Instructor, Department of Surgery
David Chang PhD, MPH, MBA, is a faculty member in the Department of Surgery Johns Hopkins School of Medicine, with joint appointment in Department of Health Policy and Management, Johns Hopkins Bloomberg School of Public Health. He was trained in health services and outcomes research at the Johns Hopkins Bloomberg School of Public Health, completing his doctoral dissertation in 2004 under the guidance of Ellen J. MacKenzie, PhD, and Edward E. Cornwell, MD, and with the support of a National Research Service Award (NRSA) individual training grant. His dissertation was entitled: “Age-related variations in trauma care and implications for health care systems: Do we discriminate against the elderly?” A graduate of Cornell University with Phi Beta Kappa, Dr. Chang received his MPH and his MBA concurrently also at the Johns Hopkins University.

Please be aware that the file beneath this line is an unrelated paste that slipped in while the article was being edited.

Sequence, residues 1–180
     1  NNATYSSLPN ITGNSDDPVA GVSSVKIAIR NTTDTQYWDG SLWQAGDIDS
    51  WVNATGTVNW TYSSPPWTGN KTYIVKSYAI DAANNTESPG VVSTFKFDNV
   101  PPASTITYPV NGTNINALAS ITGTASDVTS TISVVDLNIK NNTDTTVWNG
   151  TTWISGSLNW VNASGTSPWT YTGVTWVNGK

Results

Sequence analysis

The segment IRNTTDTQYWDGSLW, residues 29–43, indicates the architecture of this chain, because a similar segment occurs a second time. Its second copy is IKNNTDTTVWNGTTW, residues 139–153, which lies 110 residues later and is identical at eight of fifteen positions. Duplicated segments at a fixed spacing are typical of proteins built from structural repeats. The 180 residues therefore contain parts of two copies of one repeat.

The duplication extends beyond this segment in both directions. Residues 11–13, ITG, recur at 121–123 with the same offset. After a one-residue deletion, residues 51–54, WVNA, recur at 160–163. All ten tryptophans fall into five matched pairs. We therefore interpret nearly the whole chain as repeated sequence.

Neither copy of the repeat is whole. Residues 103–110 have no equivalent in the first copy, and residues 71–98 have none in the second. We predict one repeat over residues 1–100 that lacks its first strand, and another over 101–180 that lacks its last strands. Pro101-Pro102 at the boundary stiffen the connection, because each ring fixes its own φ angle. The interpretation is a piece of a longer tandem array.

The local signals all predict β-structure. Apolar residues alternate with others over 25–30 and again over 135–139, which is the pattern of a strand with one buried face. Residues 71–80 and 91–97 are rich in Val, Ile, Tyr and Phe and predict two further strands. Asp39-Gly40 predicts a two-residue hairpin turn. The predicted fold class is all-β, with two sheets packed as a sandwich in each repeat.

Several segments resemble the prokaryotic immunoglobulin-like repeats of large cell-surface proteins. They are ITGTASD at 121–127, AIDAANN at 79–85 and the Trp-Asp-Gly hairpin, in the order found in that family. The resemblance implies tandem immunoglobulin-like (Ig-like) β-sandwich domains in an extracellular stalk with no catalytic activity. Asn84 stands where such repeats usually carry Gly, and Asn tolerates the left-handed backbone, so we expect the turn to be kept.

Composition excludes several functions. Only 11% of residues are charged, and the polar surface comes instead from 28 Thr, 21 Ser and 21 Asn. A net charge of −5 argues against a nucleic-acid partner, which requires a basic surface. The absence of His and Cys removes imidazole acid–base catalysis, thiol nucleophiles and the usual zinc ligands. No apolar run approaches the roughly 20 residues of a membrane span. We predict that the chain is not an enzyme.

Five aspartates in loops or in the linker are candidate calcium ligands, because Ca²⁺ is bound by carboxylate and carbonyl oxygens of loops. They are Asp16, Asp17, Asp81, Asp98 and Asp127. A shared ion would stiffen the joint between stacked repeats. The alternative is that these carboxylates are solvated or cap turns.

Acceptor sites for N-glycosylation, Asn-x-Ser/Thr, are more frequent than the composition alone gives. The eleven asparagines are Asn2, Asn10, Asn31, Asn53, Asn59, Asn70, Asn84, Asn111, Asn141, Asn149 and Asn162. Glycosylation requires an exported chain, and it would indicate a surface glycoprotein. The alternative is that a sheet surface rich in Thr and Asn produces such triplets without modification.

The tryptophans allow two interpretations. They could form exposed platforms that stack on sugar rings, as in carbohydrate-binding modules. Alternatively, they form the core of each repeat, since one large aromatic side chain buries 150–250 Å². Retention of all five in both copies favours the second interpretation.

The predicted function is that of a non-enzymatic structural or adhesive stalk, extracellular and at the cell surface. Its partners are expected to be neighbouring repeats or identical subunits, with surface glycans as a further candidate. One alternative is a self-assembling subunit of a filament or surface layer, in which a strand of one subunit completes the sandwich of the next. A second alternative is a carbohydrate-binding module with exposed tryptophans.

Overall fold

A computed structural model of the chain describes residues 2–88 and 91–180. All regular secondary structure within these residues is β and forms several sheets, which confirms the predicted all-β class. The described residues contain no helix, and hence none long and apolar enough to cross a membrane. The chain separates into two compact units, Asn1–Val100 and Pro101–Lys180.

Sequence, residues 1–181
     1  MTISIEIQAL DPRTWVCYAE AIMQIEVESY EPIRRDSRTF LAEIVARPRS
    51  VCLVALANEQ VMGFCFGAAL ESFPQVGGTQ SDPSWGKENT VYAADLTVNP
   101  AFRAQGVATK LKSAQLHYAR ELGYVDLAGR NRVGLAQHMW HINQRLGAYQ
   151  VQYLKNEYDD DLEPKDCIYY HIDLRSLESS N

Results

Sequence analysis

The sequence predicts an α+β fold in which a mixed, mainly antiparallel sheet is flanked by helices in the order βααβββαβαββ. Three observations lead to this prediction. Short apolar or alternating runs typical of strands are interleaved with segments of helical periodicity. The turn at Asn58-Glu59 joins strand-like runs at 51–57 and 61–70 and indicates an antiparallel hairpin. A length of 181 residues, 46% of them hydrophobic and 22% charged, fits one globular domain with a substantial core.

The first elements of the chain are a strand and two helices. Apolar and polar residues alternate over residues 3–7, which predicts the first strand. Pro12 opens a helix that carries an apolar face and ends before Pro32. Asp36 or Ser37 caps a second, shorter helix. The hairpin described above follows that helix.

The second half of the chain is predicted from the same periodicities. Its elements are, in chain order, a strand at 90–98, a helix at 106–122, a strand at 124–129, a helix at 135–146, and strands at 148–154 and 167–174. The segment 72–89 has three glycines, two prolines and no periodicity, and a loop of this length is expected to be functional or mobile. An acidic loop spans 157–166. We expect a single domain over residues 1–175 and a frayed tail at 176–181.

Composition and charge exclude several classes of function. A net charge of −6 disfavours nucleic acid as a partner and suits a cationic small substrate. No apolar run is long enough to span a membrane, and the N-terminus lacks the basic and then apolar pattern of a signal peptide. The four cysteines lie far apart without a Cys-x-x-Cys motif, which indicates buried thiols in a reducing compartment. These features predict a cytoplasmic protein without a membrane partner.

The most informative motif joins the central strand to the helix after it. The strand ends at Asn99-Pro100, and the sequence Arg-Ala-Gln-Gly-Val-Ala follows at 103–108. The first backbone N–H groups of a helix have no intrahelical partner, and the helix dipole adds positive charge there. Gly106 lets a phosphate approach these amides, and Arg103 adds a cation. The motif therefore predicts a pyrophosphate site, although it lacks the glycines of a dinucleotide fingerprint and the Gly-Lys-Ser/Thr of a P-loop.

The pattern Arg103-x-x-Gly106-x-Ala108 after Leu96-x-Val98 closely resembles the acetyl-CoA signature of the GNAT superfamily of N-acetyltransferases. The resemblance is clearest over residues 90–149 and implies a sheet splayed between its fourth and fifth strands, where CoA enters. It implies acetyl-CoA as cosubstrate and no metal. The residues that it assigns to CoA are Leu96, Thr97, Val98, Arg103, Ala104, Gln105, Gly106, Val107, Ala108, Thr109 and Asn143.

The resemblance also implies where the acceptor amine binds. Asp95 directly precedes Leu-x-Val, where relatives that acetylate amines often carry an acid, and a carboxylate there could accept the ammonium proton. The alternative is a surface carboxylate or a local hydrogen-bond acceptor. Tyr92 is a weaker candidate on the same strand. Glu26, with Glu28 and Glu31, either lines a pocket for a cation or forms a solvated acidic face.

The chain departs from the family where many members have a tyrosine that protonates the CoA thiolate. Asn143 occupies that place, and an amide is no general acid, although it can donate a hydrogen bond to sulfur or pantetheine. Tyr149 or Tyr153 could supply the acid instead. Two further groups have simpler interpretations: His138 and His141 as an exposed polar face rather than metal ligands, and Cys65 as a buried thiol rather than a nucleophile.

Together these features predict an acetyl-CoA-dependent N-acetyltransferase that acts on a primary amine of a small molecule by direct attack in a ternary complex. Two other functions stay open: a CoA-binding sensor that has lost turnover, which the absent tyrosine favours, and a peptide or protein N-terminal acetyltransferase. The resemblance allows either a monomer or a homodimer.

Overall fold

Following the completion of his doctoral training in the Division of Adult Trauma, Dr. Chang served as the Director for the Johns Hopkins Center for Surgical Trials and Outcomes Research (CSTOR) for the Department of Surgery from 2004 to 2006, leading the effort to establish new research centers to support clinical research activities in the Department. Dr. Chang directed the establishment of database infrastructure, and led the training of residents and the creation of a resident research team that span multiple subspecialties, to support outcomes research endeavors across multiple Divisions in the Department of Surgery. This effort led to the creation of the Center for Outcomes Research and the Center for Clinical Trials in the summer of 2006.
Dr. Chang’s main research interest is in the structure, process, outcomes, and quality of trauma care, at the hospital level as well as at the supra-hospital systems level, with particular interests in disparity in access to health care. Dr. Chang also has methodological interest in developing risk-stratification indices and outcomes prediction models, and has so far personally developed or led the development of 5 new patient risk indices in trauma surgery, vascular surgery, cardiac surgery, transplant surgery, and pediatric surgery.